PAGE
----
The test can be carried out on cultured cells or on cells from animals treated in vivo. In the former case the test chemical is usually evaluated in the presence and absence of the S-9 activation system from rat liver. Typically cells from a Chinese hamster ovary cell line are incubated in a liquid medium and exposed to several concentration of the test chemical, either with or without the S-9 fraction, for about 2 hours. Positive controls, such as ethyl methane sulfonate (a direct-acting compound) or dimethylnitrosamine (one that requires activation), as well as negative controls are also included. Test concentrations are based on cell toxicity levels determined by prior experiment and are selected in such a way that even at the highest dose excess growth does not occur. At the end of the treatment period the cells are washed, bromodeoxyuridine is added, and the cells are incubated for 24 hours or more. The cells are then fixed, stained with a fluorescent dye, and irradiated with UV light. Second division cells are scored under the microscope for SCEs (Figure 21.7).

The test can also be carried out on cells treated in vivo, and analyses have been made of SCEs in lymphocytes from cancer patients treated with chemotherapeutic drugs, smokers, and workers exposed occupationally; in several cases increased incidence of SCEs has been noted. This is a sensitive test for compounds that alkylate DNA, with few false positives. It may be useful for detecting promoters such as phorbol esters.

Micronucleus Test. The micronucleus test is an in vivo test usually carried out in mice. The animals are treated in vivo, and the erythrocyte stem cells from the bone marrow are stained and examined for micronuclei. Micronuclei represent chromosome fragments or chromosomes left behind at anaphase. It is basically a test for compounds that cause chromosome breaks (clastogenic agents) and compounds that interfere with normal mitotic cell division, including compounds that affect spindle fiber function.

Male and female mice from an outbred strain are handled by the best animal husbandry techniques, as described for acute, subchronic, and chronic tests, and are treated either with the solvent, 0.5 LD50, or 0.1 LD50 of the test chemical. Animals are killed at several time intervals up to 2 days; the bone marrow is extracted, placed on


microscope slides, dried, and stained. The presence of micronuclei is scored visually under the microscope.

Dominant Lethal Test in Rodents. The dominant lethal test, which is performed using rats, mice, or hamsters, is an in vivo test to determine the germ-cell risk from a suspected mutagen. The test consists of treating males with the test compound for several days, followed by mating to different females each week for enough weeks to cover the period required for a complete spermatogenic cycle. Animals are maintained under optimal conditions of animal husbandry and are dosed, usually by a gavage, with several doses of less than 0.1 LD50. The females are killed after two weeks of gestation and dissected; corpora lutea and living and dead implantations are counted. The end points used to determine the occurrence of dominant lethal mutations in the treated males are the fertility index (ratio of pregnant females to mated females), preimplantation losses (the number of implantations relative to the number of corpora lutea), the number of females with dead implantations relative to the total number of pregnant females, and the number of dead implantations relative to the total number of implantations. Mutations in sperm that are dominant and lethal do not result in viable offspring.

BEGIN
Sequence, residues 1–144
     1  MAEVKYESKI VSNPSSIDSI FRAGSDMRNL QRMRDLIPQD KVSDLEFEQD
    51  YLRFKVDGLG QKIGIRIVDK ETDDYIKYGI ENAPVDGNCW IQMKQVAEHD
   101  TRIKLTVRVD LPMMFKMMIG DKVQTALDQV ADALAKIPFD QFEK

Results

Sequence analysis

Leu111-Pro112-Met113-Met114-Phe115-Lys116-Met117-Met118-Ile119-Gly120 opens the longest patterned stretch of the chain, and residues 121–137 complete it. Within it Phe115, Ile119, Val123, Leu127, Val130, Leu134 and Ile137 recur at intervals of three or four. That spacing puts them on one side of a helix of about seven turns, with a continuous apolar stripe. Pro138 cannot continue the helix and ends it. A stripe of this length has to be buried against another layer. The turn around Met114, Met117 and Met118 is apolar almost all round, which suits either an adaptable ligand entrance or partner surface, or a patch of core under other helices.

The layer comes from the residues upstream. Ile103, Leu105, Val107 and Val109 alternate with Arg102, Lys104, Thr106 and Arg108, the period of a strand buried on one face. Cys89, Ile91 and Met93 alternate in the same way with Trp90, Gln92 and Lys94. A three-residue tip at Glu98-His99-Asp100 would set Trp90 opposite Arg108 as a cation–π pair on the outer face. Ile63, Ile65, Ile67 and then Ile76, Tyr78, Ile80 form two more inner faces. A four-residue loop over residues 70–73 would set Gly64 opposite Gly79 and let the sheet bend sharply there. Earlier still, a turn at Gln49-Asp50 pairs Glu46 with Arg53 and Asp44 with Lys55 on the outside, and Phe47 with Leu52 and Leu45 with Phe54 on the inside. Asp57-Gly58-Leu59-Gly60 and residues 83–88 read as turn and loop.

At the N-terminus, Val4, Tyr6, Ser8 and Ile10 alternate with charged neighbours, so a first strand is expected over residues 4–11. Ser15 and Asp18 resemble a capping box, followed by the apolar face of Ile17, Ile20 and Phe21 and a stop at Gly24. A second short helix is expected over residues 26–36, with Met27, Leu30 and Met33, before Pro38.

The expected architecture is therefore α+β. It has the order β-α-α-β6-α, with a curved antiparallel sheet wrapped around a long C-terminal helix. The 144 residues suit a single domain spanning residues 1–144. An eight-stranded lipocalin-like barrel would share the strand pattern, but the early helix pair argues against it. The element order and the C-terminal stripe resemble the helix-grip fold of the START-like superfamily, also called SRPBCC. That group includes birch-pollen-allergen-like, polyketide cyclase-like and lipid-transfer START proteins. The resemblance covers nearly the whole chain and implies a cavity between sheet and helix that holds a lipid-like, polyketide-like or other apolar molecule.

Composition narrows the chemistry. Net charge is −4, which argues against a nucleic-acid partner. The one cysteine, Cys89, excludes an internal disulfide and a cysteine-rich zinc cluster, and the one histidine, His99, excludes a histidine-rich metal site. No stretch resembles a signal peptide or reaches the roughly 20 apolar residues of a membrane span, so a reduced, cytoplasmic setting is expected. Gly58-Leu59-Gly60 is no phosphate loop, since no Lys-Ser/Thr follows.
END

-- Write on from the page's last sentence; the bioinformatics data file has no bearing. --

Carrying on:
Related Tests. Many cells exposed to test chemicals can be scored for chromosome aberrations by staining procedures followed by visual examination with the aid of the microscope. These include Chinese hamster ovary cells in culture treated in a protocol very similar to that used in the test for SCEs, bone marrow cells from animals treated in vivo, or lymphocytes from animals treated in vivo. The types of aberrations evaluated include chromatid gaps, breaks, and deletions; chromosome gaps, breaks, and deletions; chromosome fragments; translocations; and ploidy.

Heritable translocations can be detected by direct examination of cells from male or female offspring in various stages of development or by crossing the treated animals to untreated animals and evaluating fertility, with males with reduced fertility being examined for translocations, and so on. Progeny from this or other tests, such as those for dominant lethals, can be permitted to survive and then examined for translocations and other abnormalities.

21.6.6Mammalian Cell Transformation

Most cell transformation assays utilize fibroblast cultures derived from embryonic tissue. The original studies showed that cells from C3H mouse fibroblast cultures developed morphologic changes and changes in growth patterns when treated with carcinogens. Later similar studies were made with Syrian hamster embryo cells. The direct relationship of these changes to carcinogenesis was demonstrated by transplantation of the cells into a host animal and the subsequent development of tumors. The recent development of practical assay procedures involves two cell lines from mouse embryos, Balb/3T3 and C3H/10T1/2, in which transformation is easily recognized and scored. In a typical assay situation, cells, such as Balb/3T3 mouse fibroblasts, will multiply in culture until a monolayer is formed. At this point they cease dividing unless transformed. Chemicals that are transforming agents will, however, cause growth to occur in thicker layers above the monolayer. These clumps of transformed cells are known as foci. Despite many recommended controls the assay is only semiquantitative.